IBM Open Sources Power9
IBM Open Sources Power9
IBM now offers a fully open-source software stack.
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Power9 Is Free!
Today, August 21, IBM announced that they would make their Power9 CPU architecture open source, including the POWER Instruction Set Architecture and hardware reference designs. It's a big move, as we've never really seen something like it — it's the first CPU class to go open source as a true competitor on the CPU market. IBM had already open-sourced the rest of its hardware platform, through the OpenPower Foundation, to allow people to create their very own motherboards. Indeed, the Open Coherent Accelerator Processor Interface (OpenCAPI) and Open Memory Interface (OMI) technologies have also been open-sourced. This allows IBM to offer a complete stack of software (with Red Hat) and hardware that is completely open-source, which is not the case for many of its competitors. Here are the key points:
- It gives the opportunity to collaborate more widely and to more easily enhance the Power Architecture
- This will make the platform more secure
- And it will generate High Confidence in the platform (say hello to Meltdown and Huawei...)
Power9 for Everyone?
Power9 is a globally competitive platform, which, according to its benchmarks, is especially excellent in all aspects of data processing as well as AI. Indeed, it is a platform recognized for its strong competitive advantage in memory bandwidth and thread management. This platform specializes in AI, data processing, in-memory platform, data streams, and real-time analytics, while X86 processors will be more versatile overall.
However, it is not an entirely unique platform as Google and Rackspace have also deployed this type of server, and their partner's list, in addition to being long, includes various prestigious partners. Others are maybe less well known, but deserve acknowledgment. These include Inspur, considered by Gartner as one of the top three server providers, and in terms of growth figures and market share, may even become the next Huawei or Lenovo. And it is important to note that they are Chinese. Indeed, with fears raised by the misunderstandings (let's call it like that) between Huawei and Donald Trump, being able to work on a good processor basis to provide Chinese processors should interest some people. Be careful, don't think that the Chinese don't know how to make processors. The third most powerful supercomputer and its processors are Chinese. And companies like Zhaoxin and Loongson offer processors of honorable power, close to the core range of Intel and AMD. In short, it is a new string to the bow of China to guarantee its technological independence, because it will be able to master an even wider range of processors.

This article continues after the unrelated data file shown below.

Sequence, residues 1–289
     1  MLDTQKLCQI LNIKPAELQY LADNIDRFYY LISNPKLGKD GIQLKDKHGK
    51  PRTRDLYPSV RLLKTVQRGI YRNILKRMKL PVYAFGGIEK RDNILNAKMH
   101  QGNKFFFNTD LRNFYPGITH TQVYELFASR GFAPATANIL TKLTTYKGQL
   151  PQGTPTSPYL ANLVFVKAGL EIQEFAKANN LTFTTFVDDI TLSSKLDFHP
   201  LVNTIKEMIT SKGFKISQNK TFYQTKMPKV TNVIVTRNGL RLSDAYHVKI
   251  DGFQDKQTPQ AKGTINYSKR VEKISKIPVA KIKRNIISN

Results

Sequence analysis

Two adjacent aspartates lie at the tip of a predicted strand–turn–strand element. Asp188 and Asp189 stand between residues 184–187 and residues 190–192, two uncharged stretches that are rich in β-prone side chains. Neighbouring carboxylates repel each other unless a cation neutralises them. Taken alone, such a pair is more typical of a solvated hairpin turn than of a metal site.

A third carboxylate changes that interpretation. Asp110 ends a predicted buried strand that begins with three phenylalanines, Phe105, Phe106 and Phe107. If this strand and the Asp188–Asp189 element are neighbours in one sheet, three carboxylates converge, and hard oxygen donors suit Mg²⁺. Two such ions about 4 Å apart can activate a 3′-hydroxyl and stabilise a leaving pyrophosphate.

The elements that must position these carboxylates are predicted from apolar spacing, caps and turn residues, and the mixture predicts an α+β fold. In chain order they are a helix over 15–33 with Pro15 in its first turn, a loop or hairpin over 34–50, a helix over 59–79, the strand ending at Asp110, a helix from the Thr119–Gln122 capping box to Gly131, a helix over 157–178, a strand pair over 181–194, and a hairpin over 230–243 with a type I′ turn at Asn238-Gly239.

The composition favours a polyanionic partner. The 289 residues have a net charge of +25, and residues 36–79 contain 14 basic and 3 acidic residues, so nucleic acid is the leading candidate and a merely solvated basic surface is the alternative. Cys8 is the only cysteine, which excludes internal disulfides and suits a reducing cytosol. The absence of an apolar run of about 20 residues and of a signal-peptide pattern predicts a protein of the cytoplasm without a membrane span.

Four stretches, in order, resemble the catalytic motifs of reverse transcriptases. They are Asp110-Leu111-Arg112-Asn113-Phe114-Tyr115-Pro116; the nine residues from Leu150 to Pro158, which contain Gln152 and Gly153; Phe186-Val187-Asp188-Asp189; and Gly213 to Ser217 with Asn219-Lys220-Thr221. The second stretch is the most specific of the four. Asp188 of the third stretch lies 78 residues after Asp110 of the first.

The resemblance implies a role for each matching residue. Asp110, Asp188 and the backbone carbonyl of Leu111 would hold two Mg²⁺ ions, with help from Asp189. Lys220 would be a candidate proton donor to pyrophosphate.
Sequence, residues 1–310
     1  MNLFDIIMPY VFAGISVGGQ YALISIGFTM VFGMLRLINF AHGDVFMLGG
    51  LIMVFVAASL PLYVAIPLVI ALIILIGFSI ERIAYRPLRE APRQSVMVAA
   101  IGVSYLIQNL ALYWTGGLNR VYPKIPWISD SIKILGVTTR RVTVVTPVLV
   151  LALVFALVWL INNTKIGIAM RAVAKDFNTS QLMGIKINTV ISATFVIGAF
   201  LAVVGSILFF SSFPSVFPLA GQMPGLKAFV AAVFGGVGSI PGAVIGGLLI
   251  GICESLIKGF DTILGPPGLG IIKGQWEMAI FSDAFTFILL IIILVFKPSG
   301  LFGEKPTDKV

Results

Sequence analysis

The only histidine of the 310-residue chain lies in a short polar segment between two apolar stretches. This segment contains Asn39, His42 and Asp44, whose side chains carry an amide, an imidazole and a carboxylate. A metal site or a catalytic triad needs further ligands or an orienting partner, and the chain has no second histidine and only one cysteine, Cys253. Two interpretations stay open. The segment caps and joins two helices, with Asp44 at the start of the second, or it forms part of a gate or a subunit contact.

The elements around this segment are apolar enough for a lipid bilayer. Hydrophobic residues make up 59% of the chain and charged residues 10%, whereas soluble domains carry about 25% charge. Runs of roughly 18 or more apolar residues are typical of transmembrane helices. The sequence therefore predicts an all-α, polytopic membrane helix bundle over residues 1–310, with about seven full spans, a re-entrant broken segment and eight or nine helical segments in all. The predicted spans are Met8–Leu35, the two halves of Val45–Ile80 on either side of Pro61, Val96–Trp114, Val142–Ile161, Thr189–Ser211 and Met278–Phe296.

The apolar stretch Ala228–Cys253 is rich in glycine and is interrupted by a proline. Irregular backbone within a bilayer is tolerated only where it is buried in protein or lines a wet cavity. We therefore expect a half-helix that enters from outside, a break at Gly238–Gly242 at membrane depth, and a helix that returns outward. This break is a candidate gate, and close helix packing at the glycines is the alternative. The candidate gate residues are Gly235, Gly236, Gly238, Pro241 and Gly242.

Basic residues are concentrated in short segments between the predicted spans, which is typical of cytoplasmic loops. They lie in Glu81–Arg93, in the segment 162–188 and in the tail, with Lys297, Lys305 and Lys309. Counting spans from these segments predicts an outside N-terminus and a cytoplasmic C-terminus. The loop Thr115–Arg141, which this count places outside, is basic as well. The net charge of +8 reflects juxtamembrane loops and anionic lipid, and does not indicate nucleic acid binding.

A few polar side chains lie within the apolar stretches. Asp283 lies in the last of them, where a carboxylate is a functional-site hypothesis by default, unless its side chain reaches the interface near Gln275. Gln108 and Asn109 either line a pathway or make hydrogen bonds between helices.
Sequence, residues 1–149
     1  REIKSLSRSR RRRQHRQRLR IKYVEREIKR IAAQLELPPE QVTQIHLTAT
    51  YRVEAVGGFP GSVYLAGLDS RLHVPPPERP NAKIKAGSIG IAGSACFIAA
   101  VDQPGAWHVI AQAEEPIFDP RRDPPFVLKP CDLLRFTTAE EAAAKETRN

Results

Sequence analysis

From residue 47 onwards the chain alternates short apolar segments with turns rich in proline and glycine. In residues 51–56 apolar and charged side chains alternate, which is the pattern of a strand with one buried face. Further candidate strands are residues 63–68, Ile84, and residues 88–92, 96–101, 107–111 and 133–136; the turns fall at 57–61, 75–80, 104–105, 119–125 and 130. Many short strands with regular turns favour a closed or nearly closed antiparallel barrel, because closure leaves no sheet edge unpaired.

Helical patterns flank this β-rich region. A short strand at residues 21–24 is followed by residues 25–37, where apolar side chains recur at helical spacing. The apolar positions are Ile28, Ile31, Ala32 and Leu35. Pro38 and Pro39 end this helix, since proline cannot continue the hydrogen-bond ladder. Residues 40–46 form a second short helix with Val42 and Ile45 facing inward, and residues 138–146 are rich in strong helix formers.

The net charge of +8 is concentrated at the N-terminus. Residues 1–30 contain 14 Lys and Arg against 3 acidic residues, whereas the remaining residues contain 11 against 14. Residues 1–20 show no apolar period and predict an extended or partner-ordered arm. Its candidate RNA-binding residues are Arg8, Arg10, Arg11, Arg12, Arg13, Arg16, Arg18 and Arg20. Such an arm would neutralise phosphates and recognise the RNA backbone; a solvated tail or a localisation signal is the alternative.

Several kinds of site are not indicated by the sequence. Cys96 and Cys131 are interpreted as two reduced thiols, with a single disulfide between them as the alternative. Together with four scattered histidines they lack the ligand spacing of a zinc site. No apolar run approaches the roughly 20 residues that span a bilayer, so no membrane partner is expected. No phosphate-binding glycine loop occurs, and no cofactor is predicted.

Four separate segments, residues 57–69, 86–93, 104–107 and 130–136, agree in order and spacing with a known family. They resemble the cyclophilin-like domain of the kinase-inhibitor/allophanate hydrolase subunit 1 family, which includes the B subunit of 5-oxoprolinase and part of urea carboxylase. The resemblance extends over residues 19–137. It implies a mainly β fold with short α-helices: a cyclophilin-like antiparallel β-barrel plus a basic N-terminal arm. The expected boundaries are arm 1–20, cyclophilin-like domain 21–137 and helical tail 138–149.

Where’s My SGI’s Octane?
And if you're a snobby geek, you should know that it was already possible to get a computer with Power9 at Raptor Computing Systems. Count your snobbery outburst at $3,000.
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